My 2015 Smart ForTwo Pure was purchased used three years ago with 22,500 miles on it. I purchased it from Carvana online sigh unseen, having never test driven it. A video was made to document that process which has been well received over the years, though some viewers lacked the imagination to understand why I did it shirtless.

I put a vinyl wrap on it when I bought it to make it more visible which means bright like a traffic pylon so don’t crash into me. It worked well and made the car impossible to park at places I should not be at because it became a notorious sight in downtown Phoenix. I’m told there was even a Facebook page on “Munky sightings” for a while.

As it’s time to sell the car, the wrap has come back off. It took a weekend to peel away and detail and has allowed the perfectly preserved factory paint to return without incident.

For living in an urban city it has been the perfect car for getting around and parking in tight spots. You can literally park this thing where spaces don’t exist like next to a trash dumpster in a narrow alley – nobody knows its there. You can drive it on a city sidewalk if needed, I’ve done it.

It has been fun to drive and has the perfect blend of performance and handling for downtown driving. With 70 horsepower it certainly isn’t fast and its 5-speed automated transmission takes a lot of getting used to but it all works perfectly for is lot in life looking back on it all.

In three years I have put a little over 55,000 miles on it with now about 78,000 miles on the clock. Fuel economy has ranged from about 28 mpg city on the low end and 40 mpg city on the high end. With air-conditioning on the hottest days in Phoenix summers, the fuel economy really sank, but the rest of the time exceeded EPA estimates.

It has been for the most part more reliable and sturdy than I expected though it does have some quirks. The motor mounts all came apart around the 60,000 mile mark, a common issue with the W451 series Smart cars. I hit a bad pot hole one day which broke the inner structure of a headlight and that had to be replaced.

One trip to the Mercedes-Dealership for some accumulated warranty work netted $3,800 in repairs which twice paid for the extended warranty I bought on the car. This included a new TPMS sensor, a new oxygen sensor to turn off a check engine light, and an actuator inside the dash that adjusts the airflow for the HVAC system.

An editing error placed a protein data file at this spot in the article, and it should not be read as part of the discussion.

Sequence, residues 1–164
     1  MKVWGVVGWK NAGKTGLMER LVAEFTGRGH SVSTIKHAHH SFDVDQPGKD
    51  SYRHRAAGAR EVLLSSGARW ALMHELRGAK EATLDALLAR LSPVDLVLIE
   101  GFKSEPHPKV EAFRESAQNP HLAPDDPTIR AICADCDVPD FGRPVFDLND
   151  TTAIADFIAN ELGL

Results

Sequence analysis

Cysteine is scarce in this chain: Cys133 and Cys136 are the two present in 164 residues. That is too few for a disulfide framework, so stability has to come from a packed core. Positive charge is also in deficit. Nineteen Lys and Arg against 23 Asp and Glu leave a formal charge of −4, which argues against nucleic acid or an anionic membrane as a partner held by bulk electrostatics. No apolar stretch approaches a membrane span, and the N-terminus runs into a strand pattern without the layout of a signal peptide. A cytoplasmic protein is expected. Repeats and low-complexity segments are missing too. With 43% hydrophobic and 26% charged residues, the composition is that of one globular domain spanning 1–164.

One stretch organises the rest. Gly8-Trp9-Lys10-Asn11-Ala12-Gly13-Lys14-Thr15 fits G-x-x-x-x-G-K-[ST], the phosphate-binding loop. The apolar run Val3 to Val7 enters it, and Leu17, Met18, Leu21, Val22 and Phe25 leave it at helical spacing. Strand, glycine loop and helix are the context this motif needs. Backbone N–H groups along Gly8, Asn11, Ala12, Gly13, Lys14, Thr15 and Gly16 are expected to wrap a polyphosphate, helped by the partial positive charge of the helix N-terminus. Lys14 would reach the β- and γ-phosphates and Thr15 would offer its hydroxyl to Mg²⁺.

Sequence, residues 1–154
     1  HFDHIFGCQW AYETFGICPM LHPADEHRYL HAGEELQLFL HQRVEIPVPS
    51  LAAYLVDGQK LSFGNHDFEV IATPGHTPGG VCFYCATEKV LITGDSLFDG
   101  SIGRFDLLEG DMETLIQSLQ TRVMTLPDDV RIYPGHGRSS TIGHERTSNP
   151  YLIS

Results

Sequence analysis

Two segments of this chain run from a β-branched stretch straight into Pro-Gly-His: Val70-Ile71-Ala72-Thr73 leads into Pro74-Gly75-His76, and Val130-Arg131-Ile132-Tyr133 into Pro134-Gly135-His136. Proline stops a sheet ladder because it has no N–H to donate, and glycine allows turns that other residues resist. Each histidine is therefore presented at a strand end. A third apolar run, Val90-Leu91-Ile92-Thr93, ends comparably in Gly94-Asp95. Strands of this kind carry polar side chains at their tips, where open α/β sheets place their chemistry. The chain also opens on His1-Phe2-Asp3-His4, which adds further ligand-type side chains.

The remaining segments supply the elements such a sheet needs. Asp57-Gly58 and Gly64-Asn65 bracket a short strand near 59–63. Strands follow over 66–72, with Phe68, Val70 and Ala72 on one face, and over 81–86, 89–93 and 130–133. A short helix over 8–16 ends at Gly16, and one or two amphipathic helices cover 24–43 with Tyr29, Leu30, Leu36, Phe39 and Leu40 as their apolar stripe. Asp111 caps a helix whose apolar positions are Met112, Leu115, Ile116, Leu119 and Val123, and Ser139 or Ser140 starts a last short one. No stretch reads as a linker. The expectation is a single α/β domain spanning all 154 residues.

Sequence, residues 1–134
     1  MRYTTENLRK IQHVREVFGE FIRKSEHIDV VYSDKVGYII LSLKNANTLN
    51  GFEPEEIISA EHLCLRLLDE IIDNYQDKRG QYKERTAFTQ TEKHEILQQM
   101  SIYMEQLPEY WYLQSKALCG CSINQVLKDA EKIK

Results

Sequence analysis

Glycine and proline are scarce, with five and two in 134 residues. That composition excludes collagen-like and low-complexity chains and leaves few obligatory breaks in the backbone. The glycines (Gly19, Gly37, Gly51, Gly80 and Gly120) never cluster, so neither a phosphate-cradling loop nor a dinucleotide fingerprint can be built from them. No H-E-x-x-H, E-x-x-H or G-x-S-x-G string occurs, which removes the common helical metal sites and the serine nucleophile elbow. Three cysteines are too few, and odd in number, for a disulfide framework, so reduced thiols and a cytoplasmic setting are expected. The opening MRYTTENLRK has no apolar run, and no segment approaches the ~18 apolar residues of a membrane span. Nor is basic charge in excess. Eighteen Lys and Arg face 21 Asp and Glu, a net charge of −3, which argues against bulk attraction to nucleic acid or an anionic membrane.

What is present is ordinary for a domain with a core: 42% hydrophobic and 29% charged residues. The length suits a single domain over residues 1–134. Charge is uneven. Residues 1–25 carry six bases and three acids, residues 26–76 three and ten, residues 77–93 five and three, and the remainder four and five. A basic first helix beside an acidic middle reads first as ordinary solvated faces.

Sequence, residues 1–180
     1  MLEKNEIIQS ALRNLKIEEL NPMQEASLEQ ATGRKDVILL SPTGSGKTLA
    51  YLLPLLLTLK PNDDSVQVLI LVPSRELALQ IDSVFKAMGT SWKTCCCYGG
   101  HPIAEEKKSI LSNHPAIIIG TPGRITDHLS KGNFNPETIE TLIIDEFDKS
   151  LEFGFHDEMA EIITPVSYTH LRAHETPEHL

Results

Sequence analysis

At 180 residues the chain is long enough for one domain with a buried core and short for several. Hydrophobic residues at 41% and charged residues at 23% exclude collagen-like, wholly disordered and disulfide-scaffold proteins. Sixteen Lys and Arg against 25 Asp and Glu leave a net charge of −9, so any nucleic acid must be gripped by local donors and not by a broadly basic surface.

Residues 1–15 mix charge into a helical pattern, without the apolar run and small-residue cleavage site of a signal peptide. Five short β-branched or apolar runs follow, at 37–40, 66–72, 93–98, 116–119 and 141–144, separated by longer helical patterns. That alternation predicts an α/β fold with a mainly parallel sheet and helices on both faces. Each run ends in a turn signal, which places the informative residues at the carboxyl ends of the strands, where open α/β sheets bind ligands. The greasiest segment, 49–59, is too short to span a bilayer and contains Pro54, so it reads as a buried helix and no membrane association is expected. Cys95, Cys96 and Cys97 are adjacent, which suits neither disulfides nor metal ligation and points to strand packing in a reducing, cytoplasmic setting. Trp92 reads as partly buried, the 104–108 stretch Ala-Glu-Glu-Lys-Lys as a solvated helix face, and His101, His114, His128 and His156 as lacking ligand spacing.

The main piece of work was a new fuel pump assembly to fix a gasoline odor issue that was the result of a cracked fuel vapor return line connector – another very common issue with these cars. So if you ever smell gas when getting out of your Smart car after driving it, you likely need a new fuel pump.

Outside of the warranty work, I did all of the routine maintenance and minor repairs myself. There have been five oil and filter changes, two sets of its three spark plugs, multiple headlight and stop-light bulbs and one new set of rear hatch struts.

I did recently replace the two accessory drive belts which was likely the hardest job I have ever done on a car. The dealer had quoted my $175 to replace them when it was in for warranty work and I laughed at them thinking, “Hell no you aren’t gonna screw me like that, they are two $10 parts I can replace in 10 minutes.” Wrong. It was a nightmare that took two days and I still have sore hands a month later. If your shop is willing to do it for any price, take the deal.

All in though I am going to miss this little gem of a car and am glad it was part of my life for three years. While this isn’t a car for everyone, I think everyone should try one one once. It almost always put a smile on my face and I would totally do it again.